How Emma Walmsley’s giving GlaxoSmithKline a new lease of life
GlaxoSmithKline (GSK) is a global drug giant with a three-century history. The last year of that history has been under the watchful eye of the company’s new CEO, Emma Walmsley. She recently sat down with reporters from Fortune to detail how she sees her role and what she’s trying to do at the company. So far, she seems to have a handle on both of these areas, and the company’s stock price is a reflection of investors’ faith in her.
GSK’s share price is up by 16% so far this year
SOURCE: Yahoo Finance
Walmsley described, in her view, what it means to be a CEO: “I don’t think anyone can fully explain how to prepare you for what it’s like to be a CEO until you’re actually on the job. It’s certainly a very different job than leading a division. But the way I define the job is, firstly, in setting strategy for the company and leading the allocation of capital to that strategy—because until you put the money where you say your strategy is, it’s not your strategy.”
“Next is appointing the very best people in the world you can to execute that strategy. Third is defining and modeling the culture, whether it’s through your own behavior or through the people you appoint or through the actions you take.”
“And then, finally, managing risk—whether that be, fundamentally, company reputation, operational risk, or strategic risk. So those are things that I think matter in this job, and arguably when you are, as with me—what one might describe as a surprise appointment or at least an ‘insider outsider’—the most important job is the people that you appoint. That is absolutely the sine qua non.”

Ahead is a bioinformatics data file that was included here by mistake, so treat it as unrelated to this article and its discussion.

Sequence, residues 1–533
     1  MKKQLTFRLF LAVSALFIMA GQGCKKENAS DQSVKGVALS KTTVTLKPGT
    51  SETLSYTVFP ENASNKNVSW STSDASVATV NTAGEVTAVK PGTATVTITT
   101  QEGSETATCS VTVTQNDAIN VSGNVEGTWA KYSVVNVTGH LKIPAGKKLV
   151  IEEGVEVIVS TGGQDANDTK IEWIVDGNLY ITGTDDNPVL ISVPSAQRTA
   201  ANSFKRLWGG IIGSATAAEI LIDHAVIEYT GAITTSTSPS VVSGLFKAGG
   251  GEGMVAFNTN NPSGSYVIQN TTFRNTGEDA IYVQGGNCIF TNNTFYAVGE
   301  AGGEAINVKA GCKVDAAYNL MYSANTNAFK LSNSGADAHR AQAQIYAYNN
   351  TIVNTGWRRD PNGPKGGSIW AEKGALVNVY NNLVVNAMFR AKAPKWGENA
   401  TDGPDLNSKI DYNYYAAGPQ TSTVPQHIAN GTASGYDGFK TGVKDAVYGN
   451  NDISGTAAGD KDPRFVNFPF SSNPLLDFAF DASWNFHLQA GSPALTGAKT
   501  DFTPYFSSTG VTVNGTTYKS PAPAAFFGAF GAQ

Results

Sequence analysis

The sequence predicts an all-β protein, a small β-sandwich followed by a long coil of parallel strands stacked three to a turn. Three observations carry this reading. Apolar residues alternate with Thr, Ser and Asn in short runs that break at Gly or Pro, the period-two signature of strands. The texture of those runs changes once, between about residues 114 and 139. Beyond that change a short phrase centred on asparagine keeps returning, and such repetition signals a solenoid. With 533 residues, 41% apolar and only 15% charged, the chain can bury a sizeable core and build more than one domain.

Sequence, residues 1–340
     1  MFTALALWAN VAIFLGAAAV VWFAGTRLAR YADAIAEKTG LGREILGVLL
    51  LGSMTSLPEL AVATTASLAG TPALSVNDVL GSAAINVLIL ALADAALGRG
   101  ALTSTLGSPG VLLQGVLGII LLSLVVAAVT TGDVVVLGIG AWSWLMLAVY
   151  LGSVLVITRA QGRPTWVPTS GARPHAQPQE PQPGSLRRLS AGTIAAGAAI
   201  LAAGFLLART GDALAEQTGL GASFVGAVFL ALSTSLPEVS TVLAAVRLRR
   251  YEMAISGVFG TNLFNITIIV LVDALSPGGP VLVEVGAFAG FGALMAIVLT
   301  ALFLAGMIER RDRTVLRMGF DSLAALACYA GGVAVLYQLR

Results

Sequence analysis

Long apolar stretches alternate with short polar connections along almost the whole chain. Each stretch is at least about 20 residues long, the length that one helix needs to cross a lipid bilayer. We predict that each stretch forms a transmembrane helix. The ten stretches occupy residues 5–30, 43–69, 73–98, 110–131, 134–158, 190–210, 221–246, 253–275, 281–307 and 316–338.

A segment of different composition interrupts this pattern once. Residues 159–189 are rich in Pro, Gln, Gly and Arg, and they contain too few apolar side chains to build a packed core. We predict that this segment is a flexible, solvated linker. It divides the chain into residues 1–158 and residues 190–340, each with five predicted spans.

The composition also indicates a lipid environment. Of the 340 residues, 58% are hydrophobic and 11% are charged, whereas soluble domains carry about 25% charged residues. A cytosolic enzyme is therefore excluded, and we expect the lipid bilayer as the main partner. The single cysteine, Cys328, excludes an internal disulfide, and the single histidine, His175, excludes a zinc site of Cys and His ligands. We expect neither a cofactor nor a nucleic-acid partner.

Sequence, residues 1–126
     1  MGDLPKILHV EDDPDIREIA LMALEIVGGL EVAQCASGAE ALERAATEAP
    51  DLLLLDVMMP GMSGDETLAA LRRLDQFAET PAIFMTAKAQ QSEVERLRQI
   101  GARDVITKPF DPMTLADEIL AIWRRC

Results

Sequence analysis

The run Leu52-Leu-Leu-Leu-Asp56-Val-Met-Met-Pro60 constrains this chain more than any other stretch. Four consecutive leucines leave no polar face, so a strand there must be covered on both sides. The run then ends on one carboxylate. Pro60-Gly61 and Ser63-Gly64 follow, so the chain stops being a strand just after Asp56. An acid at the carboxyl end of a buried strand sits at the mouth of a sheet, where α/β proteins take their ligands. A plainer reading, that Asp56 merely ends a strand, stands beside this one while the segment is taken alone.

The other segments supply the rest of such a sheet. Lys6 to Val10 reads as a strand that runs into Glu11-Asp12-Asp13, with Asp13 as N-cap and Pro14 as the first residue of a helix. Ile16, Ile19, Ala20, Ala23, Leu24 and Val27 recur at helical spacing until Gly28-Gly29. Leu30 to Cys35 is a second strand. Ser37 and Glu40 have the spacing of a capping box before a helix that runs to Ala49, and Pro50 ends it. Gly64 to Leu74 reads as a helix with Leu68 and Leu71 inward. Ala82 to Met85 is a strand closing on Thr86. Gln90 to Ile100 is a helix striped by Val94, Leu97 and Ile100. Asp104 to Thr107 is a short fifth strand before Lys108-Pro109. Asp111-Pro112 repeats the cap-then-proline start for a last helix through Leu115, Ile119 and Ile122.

This explains her bold move in replacing as many as 50 of the company’s top executives (although she points out that 70% of the hires she’s made are internal ones). And it also explains her repositioning of focus within GSK’s portfolio. Speaking to the latter, she said:
“The most important changes that I wanted to make were, firstly, to focus again primarily on pharma, our biggest business, where we allocate the most capital—and which has the highest risk, highest return. And at the heart of that is R&D. Because I believe that is why a company like GSK should exist, and hopefully should endure, because we discover and develop medicines that make a meaningful difference. And vaccines and consumer products too. But I think over the last decade, we did an amazing job of building up with the team the two other businesses [vaccines and consumer products] and I wanted to get back to our R&D, and to our mojo around science and discovery and development again.”
While Walmsley’s mission is still in its earliest stages, Wall Street has been forthcoming with its opinions of her so far – and they are almost exclusively positive.
Dominion holds GlaxoSmithKline in its Global Trends Managed Fund.
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